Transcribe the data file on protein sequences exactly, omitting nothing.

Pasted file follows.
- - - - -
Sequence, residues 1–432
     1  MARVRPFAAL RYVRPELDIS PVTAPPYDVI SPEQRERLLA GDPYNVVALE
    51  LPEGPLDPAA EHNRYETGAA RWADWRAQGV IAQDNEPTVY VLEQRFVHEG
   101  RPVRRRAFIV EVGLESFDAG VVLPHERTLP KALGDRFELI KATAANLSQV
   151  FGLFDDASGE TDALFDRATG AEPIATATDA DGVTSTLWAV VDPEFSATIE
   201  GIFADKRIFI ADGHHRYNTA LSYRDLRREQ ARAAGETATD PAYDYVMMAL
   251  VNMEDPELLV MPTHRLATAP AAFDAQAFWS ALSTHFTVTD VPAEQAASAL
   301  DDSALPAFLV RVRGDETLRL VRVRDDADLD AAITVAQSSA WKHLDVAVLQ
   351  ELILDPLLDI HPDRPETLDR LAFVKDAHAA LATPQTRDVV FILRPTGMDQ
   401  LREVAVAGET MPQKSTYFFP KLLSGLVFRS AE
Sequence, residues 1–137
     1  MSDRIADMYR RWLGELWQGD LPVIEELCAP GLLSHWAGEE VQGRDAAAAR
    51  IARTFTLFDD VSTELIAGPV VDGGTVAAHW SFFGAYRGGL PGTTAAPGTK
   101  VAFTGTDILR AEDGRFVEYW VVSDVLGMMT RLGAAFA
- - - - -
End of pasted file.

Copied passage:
Sequence, residues 1–432
     1  MARVRPFAAL RYVRPELDIS PVTAPPYDVI SPEQRERLLA GDPYNVVALE
    51  LPEGPLDPAA EHNRYETGAA RWADWRAQGV IAQDNEPTVY VLEQRFVHEG
   101  RPVRRRAFIV EVGLESFDAG VVLPHERTLP KALGDRFELI KATAANLSQV
   151  FGLFDDASGE TDALFDRATG AEPIATATDA DGVTSTLWAV VDPEFSATIE
   201  GIFADKRIFI ADGHHRYNTA LSYRDLRREQ ARAAGETATD PAYDYVMMAL
   251  VNMEDPELLV MPTHRLATAP AAFDAQAFWS ALSTHFTVTD VPAEQAASAL
   301  DDSALPAFLV RVRGDETLRL VRVRDDADLD AAITVAQSSA WKHLDVAVLQ
   351  ELILDPLLDI HPDRPETLDR LAFVKDAHAA LATPQTRDVV FILRPTGMDQ
   401  LREVAVAGET MPQKSTYFFP KLLSGLVFRS AE
Sequence, residues 1–137
     1  MSDRIADMYR RWLGELWQGD LPVIEELCAP GLLSHWAGEE VQGRDAAAAR
    51  IARTFTLFDD VSTELIAGPV VDGGTVAAHW SFFGAYRGGL PGTTAAPGTK
   101  VAFTGTDILR AEDGRFVEYW VVSDVLGMMT RLGAAFA